an interesting obituary

Mark Mandel thnidu at GMAIL.COM
Sun Aug 30 16:16:49 UTC 2009

Energetic would-be spelling reformer as well as a major contributor to the
development of phototypesetting

Edward Rondthaler, Foenetic Speler, Dies at 104
Published: August 29, 2009

Edward Rondthaler was one of the 20th century’s foremost men of letters —
actual, physical, audible letters. As an outspoken advocate of spelling
reform, he spent decades trying to impose order on his 26 lawless charges.
As a noted typographer who first plied his trade 99 years ago, he helped
bring the art of typesetting from the age of hot metal into the modern era.

>From the early 1960s on, Mr. Rondthaler was known publicly for his energetic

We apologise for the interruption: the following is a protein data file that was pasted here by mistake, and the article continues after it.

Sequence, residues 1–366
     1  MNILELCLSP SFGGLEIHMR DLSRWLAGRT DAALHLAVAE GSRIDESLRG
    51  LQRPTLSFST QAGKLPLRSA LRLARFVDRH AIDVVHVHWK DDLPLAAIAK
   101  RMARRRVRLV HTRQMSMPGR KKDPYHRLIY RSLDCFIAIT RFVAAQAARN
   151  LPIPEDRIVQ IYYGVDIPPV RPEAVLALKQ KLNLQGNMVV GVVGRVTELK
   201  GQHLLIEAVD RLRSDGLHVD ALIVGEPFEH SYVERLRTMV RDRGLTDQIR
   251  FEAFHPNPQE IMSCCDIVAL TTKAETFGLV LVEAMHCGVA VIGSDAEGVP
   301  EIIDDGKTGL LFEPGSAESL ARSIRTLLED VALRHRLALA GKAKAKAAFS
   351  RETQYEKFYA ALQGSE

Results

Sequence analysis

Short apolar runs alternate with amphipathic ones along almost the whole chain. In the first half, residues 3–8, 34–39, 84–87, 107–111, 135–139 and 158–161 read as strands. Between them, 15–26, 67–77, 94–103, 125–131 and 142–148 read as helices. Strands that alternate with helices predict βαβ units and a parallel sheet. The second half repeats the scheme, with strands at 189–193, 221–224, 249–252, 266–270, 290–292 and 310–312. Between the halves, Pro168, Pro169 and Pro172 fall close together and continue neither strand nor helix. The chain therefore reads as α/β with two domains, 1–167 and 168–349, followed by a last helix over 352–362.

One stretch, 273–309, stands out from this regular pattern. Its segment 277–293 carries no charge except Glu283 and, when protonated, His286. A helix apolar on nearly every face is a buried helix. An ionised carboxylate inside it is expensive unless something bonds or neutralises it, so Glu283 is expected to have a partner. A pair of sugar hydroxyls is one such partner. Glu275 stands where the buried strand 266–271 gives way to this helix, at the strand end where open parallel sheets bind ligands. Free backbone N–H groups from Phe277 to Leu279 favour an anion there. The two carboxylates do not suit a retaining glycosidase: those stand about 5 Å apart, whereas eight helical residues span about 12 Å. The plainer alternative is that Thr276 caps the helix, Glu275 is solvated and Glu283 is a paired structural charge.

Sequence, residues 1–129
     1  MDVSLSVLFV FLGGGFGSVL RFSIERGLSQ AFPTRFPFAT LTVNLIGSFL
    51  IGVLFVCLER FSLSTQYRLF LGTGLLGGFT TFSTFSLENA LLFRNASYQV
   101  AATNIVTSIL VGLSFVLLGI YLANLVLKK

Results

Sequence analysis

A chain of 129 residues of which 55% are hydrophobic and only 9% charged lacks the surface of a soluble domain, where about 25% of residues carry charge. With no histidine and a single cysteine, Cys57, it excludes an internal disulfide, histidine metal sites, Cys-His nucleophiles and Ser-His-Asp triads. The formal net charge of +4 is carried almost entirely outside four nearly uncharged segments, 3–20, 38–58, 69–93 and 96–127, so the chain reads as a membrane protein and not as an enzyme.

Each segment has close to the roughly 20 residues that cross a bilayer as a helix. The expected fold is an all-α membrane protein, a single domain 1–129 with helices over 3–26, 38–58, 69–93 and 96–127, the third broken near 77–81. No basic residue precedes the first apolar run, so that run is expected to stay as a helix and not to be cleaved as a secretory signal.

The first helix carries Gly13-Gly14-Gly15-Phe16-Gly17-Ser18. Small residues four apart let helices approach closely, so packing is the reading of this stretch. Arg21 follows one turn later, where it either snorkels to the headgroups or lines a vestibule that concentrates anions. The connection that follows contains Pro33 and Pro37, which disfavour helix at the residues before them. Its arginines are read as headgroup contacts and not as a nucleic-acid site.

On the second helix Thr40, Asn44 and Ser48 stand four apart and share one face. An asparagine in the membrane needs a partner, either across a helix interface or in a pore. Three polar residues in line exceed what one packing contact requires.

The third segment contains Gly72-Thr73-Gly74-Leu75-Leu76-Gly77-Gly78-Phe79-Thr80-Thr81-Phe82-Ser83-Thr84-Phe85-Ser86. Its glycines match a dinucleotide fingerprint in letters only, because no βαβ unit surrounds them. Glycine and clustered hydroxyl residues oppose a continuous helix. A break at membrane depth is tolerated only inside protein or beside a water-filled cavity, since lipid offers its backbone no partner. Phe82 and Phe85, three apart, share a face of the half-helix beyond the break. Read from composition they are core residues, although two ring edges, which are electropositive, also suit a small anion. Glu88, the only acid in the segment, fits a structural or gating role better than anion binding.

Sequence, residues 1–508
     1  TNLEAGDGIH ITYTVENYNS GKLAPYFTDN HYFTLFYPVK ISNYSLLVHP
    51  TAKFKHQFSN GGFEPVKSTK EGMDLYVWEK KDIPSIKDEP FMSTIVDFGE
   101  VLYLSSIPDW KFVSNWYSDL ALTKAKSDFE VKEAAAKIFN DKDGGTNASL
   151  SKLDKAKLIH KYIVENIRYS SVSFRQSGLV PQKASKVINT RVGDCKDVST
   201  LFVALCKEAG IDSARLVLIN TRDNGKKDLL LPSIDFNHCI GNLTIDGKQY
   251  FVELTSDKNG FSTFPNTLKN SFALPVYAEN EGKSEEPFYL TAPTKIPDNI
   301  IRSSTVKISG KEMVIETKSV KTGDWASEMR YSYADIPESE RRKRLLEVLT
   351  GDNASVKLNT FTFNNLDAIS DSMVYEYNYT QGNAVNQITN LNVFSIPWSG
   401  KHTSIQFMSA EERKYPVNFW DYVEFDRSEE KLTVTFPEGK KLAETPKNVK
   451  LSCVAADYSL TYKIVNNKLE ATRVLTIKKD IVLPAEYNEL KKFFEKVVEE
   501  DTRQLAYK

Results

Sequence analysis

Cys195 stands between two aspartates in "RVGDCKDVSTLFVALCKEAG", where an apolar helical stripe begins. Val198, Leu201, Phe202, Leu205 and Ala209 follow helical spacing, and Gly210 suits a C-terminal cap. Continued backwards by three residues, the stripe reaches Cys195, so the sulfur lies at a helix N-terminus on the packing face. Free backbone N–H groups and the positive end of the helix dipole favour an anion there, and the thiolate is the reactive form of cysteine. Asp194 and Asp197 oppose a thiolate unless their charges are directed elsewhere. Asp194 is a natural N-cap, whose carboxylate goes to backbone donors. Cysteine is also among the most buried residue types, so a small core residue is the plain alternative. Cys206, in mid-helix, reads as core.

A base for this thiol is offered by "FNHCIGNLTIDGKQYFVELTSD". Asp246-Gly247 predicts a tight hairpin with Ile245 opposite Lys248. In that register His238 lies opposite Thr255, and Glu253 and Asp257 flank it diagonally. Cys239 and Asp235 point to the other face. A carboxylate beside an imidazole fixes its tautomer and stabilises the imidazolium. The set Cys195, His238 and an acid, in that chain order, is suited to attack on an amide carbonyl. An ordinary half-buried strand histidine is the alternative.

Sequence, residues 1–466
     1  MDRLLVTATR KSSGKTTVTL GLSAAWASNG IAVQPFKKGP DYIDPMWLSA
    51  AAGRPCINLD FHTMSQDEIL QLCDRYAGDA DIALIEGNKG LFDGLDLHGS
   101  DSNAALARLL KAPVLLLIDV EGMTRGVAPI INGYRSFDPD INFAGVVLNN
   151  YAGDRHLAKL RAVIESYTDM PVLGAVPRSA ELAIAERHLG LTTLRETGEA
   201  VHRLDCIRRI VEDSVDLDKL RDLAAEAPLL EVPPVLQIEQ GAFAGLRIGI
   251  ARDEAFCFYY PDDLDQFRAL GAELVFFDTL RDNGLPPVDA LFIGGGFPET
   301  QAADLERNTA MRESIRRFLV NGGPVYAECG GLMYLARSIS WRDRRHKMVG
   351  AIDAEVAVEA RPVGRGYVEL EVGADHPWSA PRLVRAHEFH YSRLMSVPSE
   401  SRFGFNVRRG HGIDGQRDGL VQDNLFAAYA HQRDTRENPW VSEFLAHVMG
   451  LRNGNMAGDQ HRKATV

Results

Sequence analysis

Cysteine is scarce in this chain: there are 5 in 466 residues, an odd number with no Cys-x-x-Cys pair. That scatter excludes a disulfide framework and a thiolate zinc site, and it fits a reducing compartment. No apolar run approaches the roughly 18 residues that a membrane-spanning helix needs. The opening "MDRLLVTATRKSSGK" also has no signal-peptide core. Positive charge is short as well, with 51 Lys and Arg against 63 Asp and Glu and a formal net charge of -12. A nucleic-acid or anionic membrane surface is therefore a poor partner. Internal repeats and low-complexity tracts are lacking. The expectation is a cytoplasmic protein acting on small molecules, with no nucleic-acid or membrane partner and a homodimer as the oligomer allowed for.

campaign to respell English <>, a cause that
over the centuries has been the quixotic mission of an impassioned few. To
spell the language as it sounds, he argued, would vanquish orthographic
hobgoblins, promote literacy and make accessible to foreign readers English
classics like Keats’s “Ode to a
Nightingale”<>— or, more properly,
“Oed to a Nietingael” — whose opening lines appear on
this page.

Long before that, Mr. Rondthaler had already established a national
reputation by helping usher in the age of photographic typesetting.
Phototypesetting was for decades a vital bridge between the hot-metal days
of old and the digital typography of today.

[full text at]

m a m

The American Dialect Society -

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